He who conceals his transgressions will not prosper. But he who confesses and forsakes them will find compassion. Proverbs 28:13
Pinocchio – the adorable little story about a marionette who wants to become a real boy. It touches on this real theme, as well as the power of dreaming and the ability to love.
And yes, there’s also the lesson about lying, hence Pinocchio’s growing nose every time he tells a fib.
And that reminds me about the often chaotic journey of recovery when it comes to our addictions, compulsions and issues.
A lot of us having growing noses, don’t we?
Addiction – related issues are subtle, tricky things which seem to sneak up on us from “out of nowhere.” A lot of us may not look “the type.” We may not look like such creatures as an alcoholic, a drug addict or a person struggling with eating disorders. We may appear to have “normal” looking noses, so to speak.
In my case, I have a short turned up nose. In fact, I don’t have a bone in it, which allows me to press it down and completely flatten it. It’s a great party trick. I mention this, not so you can stare at my nose and be entertained by its flatness. I mention it to illustrate how things are not as they appear.
Me, the nice girl who “looked” like everything was fine, was, in reality, a desperate, struggling, lying sufferer of all things eating disorder. And, due to an inaccurate estimation of damning shame and failure, I believe I needed to lie about my condition instead of seeking help for it.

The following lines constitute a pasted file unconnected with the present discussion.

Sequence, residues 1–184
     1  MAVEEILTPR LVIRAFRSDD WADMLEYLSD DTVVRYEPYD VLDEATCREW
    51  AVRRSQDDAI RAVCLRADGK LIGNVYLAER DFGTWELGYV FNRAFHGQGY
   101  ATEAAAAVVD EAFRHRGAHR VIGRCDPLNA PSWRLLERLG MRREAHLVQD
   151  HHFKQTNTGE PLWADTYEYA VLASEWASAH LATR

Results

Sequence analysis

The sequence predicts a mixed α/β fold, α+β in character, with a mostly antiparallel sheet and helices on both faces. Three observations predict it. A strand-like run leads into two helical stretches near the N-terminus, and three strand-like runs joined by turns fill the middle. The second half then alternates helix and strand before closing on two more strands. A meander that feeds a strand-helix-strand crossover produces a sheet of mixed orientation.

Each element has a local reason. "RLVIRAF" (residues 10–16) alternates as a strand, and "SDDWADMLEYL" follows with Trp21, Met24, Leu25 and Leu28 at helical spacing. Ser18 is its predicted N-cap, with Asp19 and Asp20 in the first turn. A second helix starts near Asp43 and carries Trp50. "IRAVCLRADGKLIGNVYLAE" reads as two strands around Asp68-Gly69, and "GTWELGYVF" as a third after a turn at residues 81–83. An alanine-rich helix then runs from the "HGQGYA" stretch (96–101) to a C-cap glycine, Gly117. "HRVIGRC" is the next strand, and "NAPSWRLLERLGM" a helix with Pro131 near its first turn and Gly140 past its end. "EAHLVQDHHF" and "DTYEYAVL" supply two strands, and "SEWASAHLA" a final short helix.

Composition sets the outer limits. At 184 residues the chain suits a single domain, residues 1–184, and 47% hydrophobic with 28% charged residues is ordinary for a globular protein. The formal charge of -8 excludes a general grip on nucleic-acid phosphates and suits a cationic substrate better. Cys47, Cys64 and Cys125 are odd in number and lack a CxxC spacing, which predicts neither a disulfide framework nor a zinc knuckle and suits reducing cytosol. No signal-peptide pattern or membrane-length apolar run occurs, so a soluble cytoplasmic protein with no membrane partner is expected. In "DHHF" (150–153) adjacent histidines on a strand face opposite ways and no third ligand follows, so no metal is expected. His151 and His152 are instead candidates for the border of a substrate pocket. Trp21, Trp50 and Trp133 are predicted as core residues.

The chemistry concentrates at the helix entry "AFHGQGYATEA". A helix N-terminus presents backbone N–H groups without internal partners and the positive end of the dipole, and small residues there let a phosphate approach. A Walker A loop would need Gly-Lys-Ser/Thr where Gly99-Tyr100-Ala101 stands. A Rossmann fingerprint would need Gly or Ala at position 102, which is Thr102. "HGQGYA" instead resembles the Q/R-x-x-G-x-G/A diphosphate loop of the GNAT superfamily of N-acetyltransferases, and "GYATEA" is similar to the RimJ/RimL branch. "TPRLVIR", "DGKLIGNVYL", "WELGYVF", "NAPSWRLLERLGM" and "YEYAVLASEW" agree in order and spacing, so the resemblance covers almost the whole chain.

So, there I was, “no-nose Sheryle,” getting a bigger spiritual honker by the second as I repeatedly attempted to convince everyone, myself and God included, of how I was “fine.”
But what’s the old saying? Confession is good for the soul. Indeed, it is a major recovery principle.
Confess your faults one to another, and pray one for another, that ye may be healed. The effectual fervent prayer of a righteous man availeth much. James 5:16
We have to get real. And most of us have a lot of trouble doing just that. We are driven by perfectionism, expectation, failure, image and unmet need. We lie to ourselves about just how important those things are to us. Repeatedly spouting how “we’re fine” won’t bring healing.
Scripture says it best…
If we say that we have no sin, we are deceiving ourselves and the truth is not in us. If we confess our sins, He is faithful and righteous to forgive us our sins and to cleanse us from all unrighteousness. 1 John 1:8-9
There’s an Ethiopian Proverb which also echoes that Truth:
“He who conceals his disease cannot expect to be cured.”
Admitting we have a problem is the cliché beginning point. Growing a harmful, self-destructive nose of our chosen addictions can only lead to a dead end.
God is for us, not against us (Romans 8:31). But He works best with our willing honesty. It can be brutal, embarrassing and laced with all kinds of fears.
But God is a healing, redemptive God.
And like Pinocchio, He wants to turn our healing from fake to real.
The challenge lies within our Pinocchio selves. Will we let Him do just that? Will we stop telling the harmful lies which make our self-destructive choices grow?